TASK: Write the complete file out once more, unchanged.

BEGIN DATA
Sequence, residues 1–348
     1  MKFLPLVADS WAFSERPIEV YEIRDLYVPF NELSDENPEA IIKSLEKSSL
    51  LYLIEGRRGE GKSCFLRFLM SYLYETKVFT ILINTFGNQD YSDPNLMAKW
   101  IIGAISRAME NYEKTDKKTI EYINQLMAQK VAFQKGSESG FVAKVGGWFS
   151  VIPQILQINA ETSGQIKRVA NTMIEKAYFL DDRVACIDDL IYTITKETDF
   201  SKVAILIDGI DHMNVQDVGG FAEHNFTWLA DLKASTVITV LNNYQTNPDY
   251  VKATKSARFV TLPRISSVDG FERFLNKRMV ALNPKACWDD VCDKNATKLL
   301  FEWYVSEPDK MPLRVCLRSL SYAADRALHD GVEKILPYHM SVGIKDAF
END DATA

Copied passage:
Sequence, residues 1–348
     1  MKFLPLVADS WAFSERPIEV YEIRDLYVPF NELSDENPEA IIKSLEKSSL
    51  LYLIEGRRGE GKSCFLRFLM SYLYETKVFT ILINTFGNQD YSDPNLMAKW
   101  IIGAISRAME NYEKTDKKTI EYINQLMAQK VAFQKGSESG FVAKVGGWFS
   151  VIPQILQINA ETSGQIKRVA NTMIEKAYFL DDRVACIDDL IYTITKETDF
   201  SKVAILIDGI DHMNVQDVGG FAEHNFTWLA DLKASTVITV LNNYQTNPDY
   251  VKATKSARFV TLPRISSVDG FERFLNKRMV ALNPKACWDD VCDKNATKLL
   301  FEWYVSEPDK MPLRVCLRSL SYAADRALHD GVEKILPYHM SVGIKDAF